“Achieve’s custom module elements … let any user, once they understand how our resource library and our support library and our case study library work, go into the system and look for what they want to find, by product type or customer type or location, and it’ll surface that information really easily for them. To us that is an absolute masterpiece of the site in managing so much content,” said Falk.
Hunter’s new website also has multiple landing pages, to make it easy to locate information in a similar set of information. There are landing pages for products and product lines, support documents, and “resources” such as marketing PDF files.
Landing pages have extensive filtering capability, so that visitors can easily find the exact information they are looking for. Landing pages also have a localized search that searches only the type of information on that landing page.
These landing pages are actually Solr search results pages, generally pre-filtered by content type. This same methodology is used to populate tabs within the product pages, with the results pre-filtered by the product.
We knew going into this project that it would be interesting and challenging. "Projects like this always provide an interesting challenge around how best to organize information internally and then how to allow the content creators to efficiently manage this information.", said Shawn Smiley, Lead Engineer for Achieve Internet.
The first technical hurdle we faced was how to effectively implement the complex product pages, with their tabs and embedded charts. We evaluated several different solutions such as Panels, Contexts, and custom page templates. We decided to go with custom page templates since there wasn’t a need to have varying product page layouts.
Getting elements on the page to be placed correctly – such as the image gallery and the blocks on the right side of the page – without the content wrapping was a problem. Drupal blocks didn’t work, so we wrote custom renderers to insert the content in the correct places of the page template.
On the project page, the Features tab shows the content formatted into two bulleted lists. It took quite a bit of logic to balance the two columns correctly. This also allows the content creator to enter the content into a plain list in a text box, and it formats it into the bulleted lists at display time.
To get the tabs on the product pages to correctly display the pre-filtered Solr search results, we had to create a dummy placeholder field type to trigger a theme function off of. This renders the Solr search results as a tab.
An interesting problem to solve was how to format the resources on the product detail page’s Resource tab, and on the Resources landing page. Formatting includes the resource thumbnail image, custom titles, and the “flags” dropdown, which displays when the visitor hovers over the resource.This was accomplished via a combination of the Media Translation module and a number of custom theme functions which handle the grouping of related content and insertion of the language selection drop down.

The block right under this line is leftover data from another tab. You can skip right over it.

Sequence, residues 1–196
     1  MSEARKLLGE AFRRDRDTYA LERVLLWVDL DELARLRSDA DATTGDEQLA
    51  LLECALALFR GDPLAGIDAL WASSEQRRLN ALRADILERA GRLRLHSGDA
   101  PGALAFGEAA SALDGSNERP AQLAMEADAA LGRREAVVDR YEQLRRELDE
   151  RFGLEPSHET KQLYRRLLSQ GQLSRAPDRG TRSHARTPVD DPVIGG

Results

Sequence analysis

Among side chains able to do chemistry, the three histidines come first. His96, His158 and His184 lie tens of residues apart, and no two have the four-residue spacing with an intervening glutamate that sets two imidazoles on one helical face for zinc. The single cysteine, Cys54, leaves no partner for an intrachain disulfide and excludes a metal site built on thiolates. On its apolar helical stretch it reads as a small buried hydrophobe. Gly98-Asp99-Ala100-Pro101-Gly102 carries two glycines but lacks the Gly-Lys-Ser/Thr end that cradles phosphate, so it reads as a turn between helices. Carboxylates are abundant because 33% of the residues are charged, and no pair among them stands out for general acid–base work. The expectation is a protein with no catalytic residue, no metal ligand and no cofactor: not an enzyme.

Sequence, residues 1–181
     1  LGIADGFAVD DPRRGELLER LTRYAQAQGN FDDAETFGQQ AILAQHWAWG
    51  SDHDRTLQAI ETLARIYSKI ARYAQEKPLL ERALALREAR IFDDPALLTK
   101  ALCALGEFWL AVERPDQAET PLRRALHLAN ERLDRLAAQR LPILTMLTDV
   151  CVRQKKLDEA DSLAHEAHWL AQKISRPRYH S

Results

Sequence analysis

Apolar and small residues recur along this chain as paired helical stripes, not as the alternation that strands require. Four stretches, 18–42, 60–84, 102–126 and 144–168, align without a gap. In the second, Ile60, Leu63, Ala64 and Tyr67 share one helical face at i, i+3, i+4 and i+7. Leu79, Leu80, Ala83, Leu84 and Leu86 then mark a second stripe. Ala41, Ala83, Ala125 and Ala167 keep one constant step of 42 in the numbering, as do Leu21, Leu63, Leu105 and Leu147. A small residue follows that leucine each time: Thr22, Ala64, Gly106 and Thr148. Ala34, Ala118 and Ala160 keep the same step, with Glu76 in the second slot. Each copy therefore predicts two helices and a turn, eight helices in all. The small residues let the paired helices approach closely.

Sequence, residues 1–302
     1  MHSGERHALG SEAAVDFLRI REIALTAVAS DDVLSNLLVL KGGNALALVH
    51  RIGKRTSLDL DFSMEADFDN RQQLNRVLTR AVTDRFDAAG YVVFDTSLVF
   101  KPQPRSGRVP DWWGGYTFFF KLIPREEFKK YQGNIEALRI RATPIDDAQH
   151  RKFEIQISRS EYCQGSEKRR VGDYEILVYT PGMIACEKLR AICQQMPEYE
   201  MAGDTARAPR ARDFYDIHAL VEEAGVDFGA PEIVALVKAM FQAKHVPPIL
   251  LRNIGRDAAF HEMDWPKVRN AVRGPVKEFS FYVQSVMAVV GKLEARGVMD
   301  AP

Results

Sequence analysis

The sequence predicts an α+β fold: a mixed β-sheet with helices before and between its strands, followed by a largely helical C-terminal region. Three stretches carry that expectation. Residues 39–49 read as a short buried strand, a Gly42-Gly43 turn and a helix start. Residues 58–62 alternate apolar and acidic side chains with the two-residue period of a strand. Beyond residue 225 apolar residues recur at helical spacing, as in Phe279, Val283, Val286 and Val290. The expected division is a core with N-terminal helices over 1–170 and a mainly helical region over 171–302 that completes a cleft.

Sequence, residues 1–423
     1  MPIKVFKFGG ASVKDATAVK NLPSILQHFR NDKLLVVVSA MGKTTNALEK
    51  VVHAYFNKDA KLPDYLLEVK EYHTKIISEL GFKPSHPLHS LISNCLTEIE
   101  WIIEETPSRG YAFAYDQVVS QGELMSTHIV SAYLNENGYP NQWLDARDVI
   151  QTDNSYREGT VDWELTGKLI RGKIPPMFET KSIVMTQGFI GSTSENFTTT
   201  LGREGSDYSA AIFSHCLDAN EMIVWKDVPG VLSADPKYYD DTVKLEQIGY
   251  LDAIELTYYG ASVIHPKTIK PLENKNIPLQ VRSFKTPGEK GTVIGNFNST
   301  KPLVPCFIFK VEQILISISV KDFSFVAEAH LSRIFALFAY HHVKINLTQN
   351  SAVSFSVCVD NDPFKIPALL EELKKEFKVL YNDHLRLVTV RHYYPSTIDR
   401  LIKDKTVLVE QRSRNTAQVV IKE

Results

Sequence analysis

For both the landing pages and the tabs in the product pages – all of which are Solr search results – figuring out how to get the results, then grouping them by category, was an interesting problem to solve. The solution involved two different sets of theme functions – one for the landing pages, and another for the tabs.
Hunter required the site to function in IE6, due to enough of their customer base being on older computers. “That is the prime guy that’s going to be on our website all day, telling contractors when they come in product information from our site,” said Falk. We all know how problematic older versions of Internet Explorer can be, but when it is important to the customer to have backwards compatibility, the design must accommodate it.
Much of Hunter’s critical content is in complex charts with interesting formatting. Charts appear throughout the site, including at the bottom of product pages, and in landing pages. Instead of creating each chart multiple times, they are a content type and are simply attached to product nodes as a node reference. For the landing pages, the charts are attached to the taxonomy term that the landing page filters on. The charts themselves are just nodes that the content authors enter the raw HTML to generate the content.
Product pages have a video block. The YouTube video plays within a popup, and there are links in the video block to download local videos of various formats. We had to find a way to group the videos together, then display them correctly in the video block. The content creators are allowed to attach as many videos as they want to the product node, with the requirement that the first video must be a YouTube video. Then we pick out the video types and display the videos as links in the video block.
The area we were the most apprehensive about when we started the project was the translation, as the i18n module, and the related translation modules, were still in the early stages of the Drupal 7 development cycle. We faced quite a few unknowns, and worked our way through the issues.
The area that delighted most was how easy it was to create the Solr search result landing pages. We give a lot of kudos to the maintainers of the Media module.
What We Learned
Things we learned on this project that we will use elsewhere:
- Translation projects must be thoroughly planned out before implementation starts. We did some development work in a single language, then turned on multilingual, and it required retrofitting content types, configuration, and the like.
- We had teams working in two different Git repositories, which caused extra work. Going forward, we will add more rigor around branching and doing controlled releases, rather than having everyone working on the master branch.
- Our Architecture & Planning process, along with approved wireframes from Hunter, proved once again to be very useful. It’s great to know 75% of the project requirements from the very beginning.
- Automated testing, using SimpleTest and Solenium, would have shortened the QA process, in spite of the time it takes to build the automated tests.
We are proud to say we implemented Hunter’s new websites, and we hope we get a chance to work together again soon.
As for the process of working with Achieve, Hunter Industries’ Falk said, “I can’t say enough good about working with Achieve on how well they knew Drupal and structured the setup to get us to focus on content and get our content correct and letting Drupal really manage the layout and the updating and the display of our content.”
"Hunter Industries was a fantastic client to work with. They had a clear idea of what they wanted in a website and collaborated with us to find the best and most cost effective way to deliver a solution that everyone is proud of." – Shawn Smiley.
Our future plans including upgrading the media and translation modules we created so that they work with the Media module version 2.0.